This summer I decided to re-read Willem Teellinck's The Path of True Godliness (which has helped to balance out the Covenant Theology book that I'm slowly reading through). Teellinck is often called the father of the Dutch Second Reformation, and he lived from 1579-1629. From Joel Beeke's introduction: "Teellinck believed that true spirituality is inseparable from an outward walk of life that flees all kinds of worldliness...He was motivated by a zealous desire for God's glory not by legalism."
This book promotes the Puritan ideal of sanctification in all areas of life; therefore, I wanted to share a paragraph on page 126 that I found encouraging this week:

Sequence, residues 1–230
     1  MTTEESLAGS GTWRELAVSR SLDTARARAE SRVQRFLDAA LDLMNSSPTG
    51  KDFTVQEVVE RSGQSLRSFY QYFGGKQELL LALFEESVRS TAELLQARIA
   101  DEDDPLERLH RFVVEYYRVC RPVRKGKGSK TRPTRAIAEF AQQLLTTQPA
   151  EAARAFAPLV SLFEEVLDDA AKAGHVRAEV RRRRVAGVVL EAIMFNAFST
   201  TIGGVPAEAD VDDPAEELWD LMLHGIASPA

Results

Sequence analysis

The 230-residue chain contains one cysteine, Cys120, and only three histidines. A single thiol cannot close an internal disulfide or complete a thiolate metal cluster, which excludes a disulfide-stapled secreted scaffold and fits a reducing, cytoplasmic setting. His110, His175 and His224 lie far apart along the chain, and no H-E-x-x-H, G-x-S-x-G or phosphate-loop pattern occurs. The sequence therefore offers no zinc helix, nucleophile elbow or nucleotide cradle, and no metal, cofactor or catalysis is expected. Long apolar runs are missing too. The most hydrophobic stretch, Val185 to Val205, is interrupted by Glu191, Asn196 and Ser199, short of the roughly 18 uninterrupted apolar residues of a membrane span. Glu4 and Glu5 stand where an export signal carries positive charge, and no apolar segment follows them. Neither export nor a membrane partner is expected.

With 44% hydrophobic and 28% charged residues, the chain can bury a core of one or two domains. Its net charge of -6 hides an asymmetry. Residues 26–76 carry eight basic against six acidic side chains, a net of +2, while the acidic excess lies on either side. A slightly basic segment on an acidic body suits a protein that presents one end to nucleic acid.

It has taken a long time in my Christian walk, but I'm finally aiming toward the right target."First, and above all, it is essential that the Christian, who now has a discriminating knowledge of the characteristics of both the kingdom of darkness and the kingdom of grace, should have worked out in his mind what it means to be godly. Above all, he should now fully comprehend what the true purpose of life should be in order to be able to live in a truly godly way. He must order and regulate his entire life and conduct and make it his most important task to direct all his affairs in such a way that they never distract him from this goal. Being careful not to pursue the wrong goal in life, he should seriously consider the direction of his life--where it is leading and what he needs to achieve--for the human tendency is to strive most for the things we desire most. If we want to become rich and powerful in this world, then all our efforts will be directed toward that end. If we have some other aspirations in life, we will equally strive to attain that one. It is therefore very essential that we direct ourselves to attain the right goal in life, which is to practice true godliness and to live a godly life. Otherwise we are like archers without a definite target, aimlessly shooting arrows into the air."